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'Pinpointed For Murder': Media Watchdog Says More Journalists Targeted In Reprisal Killings


FILE: A demonstrator holds the picture of Saudi journalist Jamal Khashoggi during a protest in front of Saudi Arabia's consulate in Istanbul (October).

Out of the 53 journalists killed on the job so far this year, 34 were targeted in reprisal for their work, a media watchdog said on December 19.

In its annual report, the New York-based Committee to Protect Journalists (CPJ) said the danger of reporters being targeted for their journalism grew this year, despite a decline in the risks for war and conflict.

The toll representing those killed between January 1 and December 14 makes 2018 the deadliest year for reporters "singled out for murder" over the past three years, CPJ said.

"The number of journalists targeted for murder in reprisal for their reporting nearly doubled in 2018 from a year earlier, driving up the overall count of journalists killed on the job," the report said.

The total is up from 47 killed in 2017, of which 18 were "pinpointed for murder," CPJ said.

The data echoed similar concerns in a report this week from the Paris-based Reporters Without Borders, which put the number of reporters killed at 80 based on a different methodology that includes bloggers, citizen journalists, and media workers.

Both reports highlighted the increase in reprisals against journalists, highlighted by what the CPJ called the "brazen murder" of exiled Saudi dissident and Washington Post columnist Jamal Khashoggi in the Saudi Arabian Consulate in Istanbul.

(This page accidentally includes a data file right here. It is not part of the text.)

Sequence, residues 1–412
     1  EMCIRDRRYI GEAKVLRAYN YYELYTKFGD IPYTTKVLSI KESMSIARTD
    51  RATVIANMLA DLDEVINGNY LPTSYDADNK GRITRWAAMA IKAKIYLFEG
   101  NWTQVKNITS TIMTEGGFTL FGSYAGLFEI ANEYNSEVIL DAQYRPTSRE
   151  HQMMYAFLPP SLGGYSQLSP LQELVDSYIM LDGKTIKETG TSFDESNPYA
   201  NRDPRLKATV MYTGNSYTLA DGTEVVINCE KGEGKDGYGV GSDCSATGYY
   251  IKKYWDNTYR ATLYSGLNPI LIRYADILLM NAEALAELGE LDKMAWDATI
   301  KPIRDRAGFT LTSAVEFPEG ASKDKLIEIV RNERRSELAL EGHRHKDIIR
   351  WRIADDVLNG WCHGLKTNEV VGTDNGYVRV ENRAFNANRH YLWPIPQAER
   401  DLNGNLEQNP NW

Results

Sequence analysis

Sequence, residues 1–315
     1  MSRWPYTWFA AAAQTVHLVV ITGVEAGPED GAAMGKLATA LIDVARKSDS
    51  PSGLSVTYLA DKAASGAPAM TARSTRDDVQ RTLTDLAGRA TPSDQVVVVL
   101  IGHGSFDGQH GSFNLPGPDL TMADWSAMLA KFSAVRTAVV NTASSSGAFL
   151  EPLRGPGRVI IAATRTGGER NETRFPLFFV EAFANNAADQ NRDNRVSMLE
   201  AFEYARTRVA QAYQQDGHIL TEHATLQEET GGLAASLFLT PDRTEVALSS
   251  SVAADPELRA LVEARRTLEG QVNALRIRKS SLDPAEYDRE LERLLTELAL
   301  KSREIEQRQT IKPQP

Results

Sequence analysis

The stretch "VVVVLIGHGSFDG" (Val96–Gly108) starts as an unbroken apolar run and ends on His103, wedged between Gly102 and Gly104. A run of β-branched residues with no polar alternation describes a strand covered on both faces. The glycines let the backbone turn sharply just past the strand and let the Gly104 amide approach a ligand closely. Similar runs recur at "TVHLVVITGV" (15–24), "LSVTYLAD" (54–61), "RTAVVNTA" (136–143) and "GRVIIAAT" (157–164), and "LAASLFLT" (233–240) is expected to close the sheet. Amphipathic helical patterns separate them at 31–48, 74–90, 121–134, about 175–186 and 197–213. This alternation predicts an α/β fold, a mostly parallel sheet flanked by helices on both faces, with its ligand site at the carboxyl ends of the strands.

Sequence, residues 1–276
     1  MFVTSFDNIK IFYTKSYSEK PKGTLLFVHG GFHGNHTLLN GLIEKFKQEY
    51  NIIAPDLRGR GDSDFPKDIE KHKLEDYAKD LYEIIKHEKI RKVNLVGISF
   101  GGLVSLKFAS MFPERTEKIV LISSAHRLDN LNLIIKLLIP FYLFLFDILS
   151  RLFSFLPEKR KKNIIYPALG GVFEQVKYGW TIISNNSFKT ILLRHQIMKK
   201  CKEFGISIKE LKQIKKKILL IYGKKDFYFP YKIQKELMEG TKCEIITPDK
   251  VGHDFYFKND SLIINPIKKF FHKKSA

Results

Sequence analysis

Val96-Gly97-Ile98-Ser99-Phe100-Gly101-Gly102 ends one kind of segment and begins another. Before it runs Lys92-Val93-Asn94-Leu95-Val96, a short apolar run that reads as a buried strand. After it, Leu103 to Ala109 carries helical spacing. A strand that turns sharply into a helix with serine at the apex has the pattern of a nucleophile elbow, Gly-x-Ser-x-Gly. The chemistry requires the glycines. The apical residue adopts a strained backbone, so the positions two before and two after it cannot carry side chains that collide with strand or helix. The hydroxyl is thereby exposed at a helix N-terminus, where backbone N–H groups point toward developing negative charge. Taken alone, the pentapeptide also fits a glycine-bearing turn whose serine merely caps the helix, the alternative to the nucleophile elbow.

Afghanistan, where militants have stepped up attacks on journalists, was the deadliest country, followed by Syria and India, the report said.

In Afghanistan, a suicide bomber targeted a group of reporters, killing nine in a single attack in April, it said.

The CPJ also mentioned the killing in February of Slovakian investigative journalist Jan Kuciak, who was shot to death alongside his fiancée -- the second murder of an EU journalist covering corruption in less than six months, after the assassination of Maltese reporter Caruana Galizia in 2017.

It lamented "a lack of international leadership on journalists' rights and safety" that may be increasing the dangers for the news media, illustrated by the Khashoggi killing.

"The White House, traditionally a strong defender of global press freedom, has equivocated on the blame for Khashoggi's murder... Essentially, [U.S. President Donald] Trump signaled that countries that do enough business with the United States are free to murder journalists without consequence," the CPJ report said.

It added that, ironically, "the most vocal head of state in Khashoggi's case has been Turkish President Recep Tayyip Erdogan, whose government has effectively shut down the independent media and is jailing more journalists than any other around the world for the third consecutive year."

CPJ said it was investigating the killing of another 23 journalists in 2018 but so far not confirmed that the deaths were related to their work.

With reporting by AFP

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